I’ve been diving into Python a lot lately, just because there are things you just want to be able to do yourself. I’ve been talking to a buddy of mine, Charles Wardlaw who is the TD overseer of the Ottoman, and works at March Entertainment. He sometimes challenges me with Python exercies, and sometimes I ask him for ideas(which he offers and they become challenges.)

So between bugging him and Rick, I have been learning a lot of Python in CINEMA 4D. Charles gives me a lot of the theory side of things as well as the standpoint of him being a TD and an Animator he knows how he’d like some scripts to behave, while Rick helps me with SDK stuff in CINEMA. He’s been programming in COFFEE so he knows where to look to find stuff and how to do things. He too is getting into Python. So I usually try to find something and if I have no luck I ask Rick and he usually has a solution.

Which leads me to these useful snippets. Initially the idea was how to copy animation from some objects to other objects. This was originally based on hierarchy(it has now changed) so I needed a way to basically go through an entire hierarchy and perform some action on the object and all it’s children.

def GoDownHierarchy(obj):
if obj is None: return
#Actions can go here
print (obj.GetName())
#End Actions
if (obj.GetDown()):
if (obj.GetNext()):

Now unfortunately, wordpress is kind of killing the necessary tabbing for this to work. But allow me to try to explain what’s going on a bit.

So the first line, def GoDownHierarchy(obj): is just defining our function in Python, no biggie, and it’s also saying when you call this function it needs argument, in this case it’s going to need some kind of object. The next line, if obj is None: return is just a simple check that if you don’t pass an object, nothing happens. Without this, if you passed the function without an object, it should error out I think. After that check, you can put your actions in there. In this case, I’m simply printing out the names of the objects in the hierarchy, nothing fancy.

So after the action we have another if statement: if (obj.GetDown()): This is basically checking to see if there is there is an object as a child of the current object. If there is, it goes to the next line: GoDownHierarchy(obj.GetDown()) This line basically runs the function again. So if the code gets to this line, it goes all the way back to the 3rd line of this code and performs the action again on the object that is a child of the current obj. So effectively when it hits that line, it running the function and passing a new object(obj.GetDown()) to run the function. Then it does this again and again until there is no longer a child and the if (obj.GetDown()): line is FALSE. If it is false, it goes to another if statement if (obj.GetNext()): This line is checking to see if there is a Sibling of the last obj passed to the function. If it is TRUE it will run GoDownHierarchy(obj.GetNext()) which like before it is passing obj,GetNext() into the GoDownHierarchy Function which then causes it to go through the GetDown() conditions(the if statements) so it will go down that hierarchy as well.

So here’s an example of how it works. Here’s an example of my OM. You can see I have Cube 2 selected.


I run the script and I get this in the console:


Note that it didn’t get the numbers 1,14, 15, or 16, because they are not siblings or children.If I took 14 and 15(which also takes 16) and made them a child of 1, this would make them siblings, would this make them be included? Well, that depends. If the siblings are ABOVE the selected object, they won’t be printed. If they are below the selected object, then yes, it will work. Easy Peasy right?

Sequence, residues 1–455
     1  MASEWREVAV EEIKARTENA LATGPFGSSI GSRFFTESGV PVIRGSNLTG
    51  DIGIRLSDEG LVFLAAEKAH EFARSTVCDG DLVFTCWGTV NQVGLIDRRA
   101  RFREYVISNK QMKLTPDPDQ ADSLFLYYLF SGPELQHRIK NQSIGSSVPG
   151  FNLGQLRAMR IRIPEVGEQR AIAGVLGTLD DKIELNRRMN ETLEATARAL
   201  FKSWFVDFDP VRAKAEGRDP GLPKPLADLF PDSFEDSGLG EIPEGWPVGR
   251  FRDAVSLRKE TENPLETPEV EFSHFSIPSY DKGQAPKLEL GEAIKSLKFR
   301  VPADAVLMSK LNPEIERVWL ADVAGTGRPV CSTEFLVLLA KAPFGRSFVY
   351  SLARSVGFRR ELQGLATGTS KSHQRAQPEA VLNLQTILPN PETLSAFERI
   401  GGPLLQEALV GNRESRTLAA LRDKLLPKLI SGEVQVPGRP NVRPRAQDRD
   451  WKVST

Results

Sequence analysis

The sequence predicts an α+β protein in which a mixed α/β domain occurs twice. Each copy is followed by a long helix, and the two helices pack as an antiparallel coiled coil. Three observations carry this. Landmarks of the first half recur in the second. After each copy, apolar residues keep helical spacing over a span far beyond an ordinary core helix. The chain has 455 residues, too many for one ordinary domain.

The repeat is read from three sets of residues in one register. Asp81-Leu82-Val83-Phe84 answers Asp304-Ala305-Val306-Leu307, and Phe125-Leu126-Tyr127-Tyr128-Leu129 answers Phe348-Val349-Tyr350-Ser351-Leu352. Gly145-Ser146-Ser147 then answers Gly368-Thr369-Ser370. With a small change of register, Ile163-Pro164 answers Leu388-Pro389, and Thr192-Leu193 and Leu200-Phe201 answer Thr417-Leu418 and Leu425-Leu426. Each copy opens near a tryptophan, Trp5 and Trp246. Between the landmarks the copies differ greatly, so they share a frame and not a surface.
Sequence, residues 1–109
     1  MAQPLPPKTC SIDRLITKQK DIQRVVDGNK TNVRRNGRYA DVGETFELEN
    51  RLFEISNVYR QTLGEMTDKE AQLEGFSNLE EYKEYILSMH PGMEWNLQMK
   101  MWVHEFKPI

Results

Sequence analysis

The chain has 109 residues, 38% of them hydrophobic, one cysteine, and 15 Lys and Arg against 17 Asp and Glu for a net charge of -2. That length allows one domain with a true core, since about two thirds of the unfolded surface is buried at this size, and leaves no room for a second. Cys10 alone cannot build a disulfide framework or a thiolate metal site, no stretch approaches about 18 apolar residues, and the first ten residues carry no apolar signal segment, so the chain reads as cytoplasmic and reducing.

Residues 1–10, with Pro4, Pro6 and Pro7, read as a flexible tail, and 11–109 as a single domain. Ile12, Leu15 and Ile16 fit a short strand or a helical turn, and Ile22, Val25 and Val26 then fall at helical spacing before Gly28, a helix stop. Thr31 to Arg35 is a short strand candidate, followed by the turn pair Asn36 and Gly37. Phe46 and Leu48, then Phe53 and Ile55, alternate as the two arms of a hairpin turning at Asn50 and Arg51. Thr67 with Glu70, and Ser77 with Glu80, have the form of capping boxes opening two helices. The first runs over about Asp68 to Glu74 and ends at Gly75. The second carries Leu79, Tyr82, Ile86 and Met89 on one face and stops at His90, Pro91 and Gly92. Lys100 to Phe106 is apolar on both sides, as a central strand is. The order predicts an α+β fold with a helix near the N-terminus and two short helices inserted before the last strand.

Now, what if you want to actually go UP the hierarchy? For instance, what if you need to find the top root of a selected object? Well that’s easy, you can take this same code, you just have to make 2 little changes. Here’s the Code:

def GoUpHierarchy(obj):
if obj is None: return
#Actions can go here
print (obj.GetName())
#End Actions
if (obj.GetUp()):
if (obj.GetPred()):

So obviously if you’re going to go up your hierarchy you don’t want it named “GoDownHierarchy”. So You’ll see each reference to the function’s name has been changed to “GoUpHierarchy”. Besides that, you need to make some changes. Instead of GetDown() you need to use GetUp(), and instead of GetNext() you gotta use GetPred(). That’s it! Easy cheese!

4 Responses to “A Useful Python Snippet”
  1. [...] This post was mentioned on Twitter by Bret, Bret. Bret said: A Useful Python Snippet http://aq8ww.th8.us [...]

  2. Aleksey says:

    Hey man,

    great stuff, more of these =)
    Just learning the basics of python, but this information has been stored for future reference =)

    Did you do the animation mentor course in cinema or in maya?


  3. Hi Bret,

    Thanks for this. I would recommend tweaking the function so that you pass in a method as an argument. That way you don’t have to rewrite it every time. In addition, your ” if( obj.GetNext() ):” checks are redundant, because the function always checks to see if the object is None before looking for the next object. Here’s my revised version:

    def printName( obj ):
    print obj.GetName()

    def GoDownHierarchy(obj, doSomething):
    #If there isn’t an object, stop looping.
    if obj is None:
    return None

    #call the function
    doSomething( obj )

    #Try to get the next one down, there’s a chance it will be None
    GoDownHierarchy(obj.GetDown(), doSomething)

    #Try to get the next object, there’s a chance it will be None
    GoDownHierarchy(obj.GetNext(), doSomething)

    def main( obj ):
    GoDownHierarchy( obj, printName )

  4. That didn’t come through very well, you can view the formatted code here:

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